Updated: Dec 18, 2020
Our exploration of Denmark continues! There are a few perks of living on an island (yes, although not exotic, much of Denmark is islands). It is great to be able to walk out to the water in times like these and breathe in the fresh ocean air. It is still rather cold here, mid 40s most days, but the weather has taken a turn for the better. We have seen the sun nearly everyday for the last few weeks. And if you don’t know, Denmark is much like Seattle through the winter, it is very cold and very, very, VERY wet.
Stevns Klint: Historical Significance
We hopped in our car and drove about three hours south and then east to a UNESCO world heritage site: Stevns Klint. The site is a span of white chalk cliffs that stretch 11 miles long, and the white cliffs are known for their geological importance, because the are one of the best exposed Cretaceous-Tertiary (K/T) boundaries in the world. In short, the cliffs are from the Paleogene Period and could be as old as 66 million years. This period is associated with the extinction of the dinosaurs.
The Højerup Gamle Kirke (Old Højerup Church) is built on the cliff edge and is from the year 1200. As a result of erosion, a landslide in 1928 caused the area around the alter to collapse into the sea below. A new church was built 980 feet back from the cliff in 1913, but you can still visit the old church on the cliff edge. I thought this was one of the more beautiful scenes I’ve toured in Denmark.
We actually rented an airbnb for a night to stay and enjoy the site. We were surprised that people were still renting places on airbnb in the time of the coronavirus shut down. The host didn’t meet us but left us the keys on the table and a bottle of sanitizer.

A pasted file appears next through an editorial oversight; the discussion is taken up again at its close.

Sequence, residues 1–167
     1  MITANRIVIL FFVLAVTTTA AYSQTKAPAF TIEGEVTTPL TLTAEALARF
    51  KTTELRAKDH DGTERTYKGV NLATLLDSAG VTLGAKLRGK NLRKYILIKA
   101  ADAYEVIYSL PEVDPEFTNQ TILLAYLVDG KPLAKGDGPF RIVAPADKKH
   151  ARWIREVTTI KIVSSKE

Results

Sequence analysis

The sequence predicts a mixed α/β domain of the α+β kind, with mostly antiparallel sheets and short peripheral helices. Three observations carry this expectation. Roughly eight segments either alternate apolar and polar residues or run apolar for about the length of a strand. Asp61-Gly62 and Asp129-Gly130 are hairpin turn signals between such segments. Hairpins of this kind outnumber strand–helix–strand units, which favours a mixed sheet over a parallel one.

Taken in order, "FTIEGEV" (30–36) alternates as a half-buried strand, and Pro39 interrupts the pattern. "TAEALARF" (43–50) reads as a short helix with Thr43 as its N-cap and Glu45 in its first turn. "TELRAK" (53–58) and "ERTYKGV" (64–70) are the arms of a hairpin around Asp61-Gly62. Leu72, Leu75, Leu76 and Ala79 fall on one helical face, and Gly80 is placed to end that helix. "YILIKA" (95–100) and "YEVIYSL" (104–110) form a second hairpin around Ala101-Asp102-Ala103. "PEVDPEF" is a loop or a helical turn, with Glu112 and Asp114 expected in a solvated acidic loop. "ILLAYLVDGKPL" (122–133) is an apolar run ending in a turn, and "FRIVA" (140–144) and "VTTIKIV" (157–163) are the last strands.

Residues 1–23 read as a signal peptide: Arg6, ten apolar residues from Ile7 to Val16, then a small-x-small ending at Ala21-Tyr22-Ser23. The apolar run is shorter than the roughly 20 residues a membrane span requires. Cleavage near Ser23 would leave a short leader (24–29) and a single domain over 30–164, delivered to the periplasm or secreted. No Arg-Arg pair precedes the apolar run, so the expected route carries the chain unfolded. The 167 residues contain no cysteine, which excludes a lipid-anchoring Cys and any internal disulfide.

For $65 a night, we stayed in an “old horse barn” on a Christmas tree farm along the cliff edge of Stevns Klint. I will link to the actual bnb because it was adorable! It was rustic and had an old wood-burning stove.
They had painted the old wood inside white to give it a chic update. Unfortunately for Ras, he was a bit too tall for the small house, but we spend most of our time outside anyway. From our bed upstairs you could see out into the vast ocean.
As I mentioned we were on a cliff edge, so the sea was 150 feet below us. We spent a few hours in the morning and night walking along the edge. We hit it on a perfect day, there was no wind and the sun was pouring out over the land. I love spending time in the country, I feel so at home.
I had a weird feeling wash over me as we were walking along the water, and I told Ras that if it were my last day on earth, I would want the day to end there. This place has that kind of perfect hakuna matata vibe to it, and in DK it is a must-see.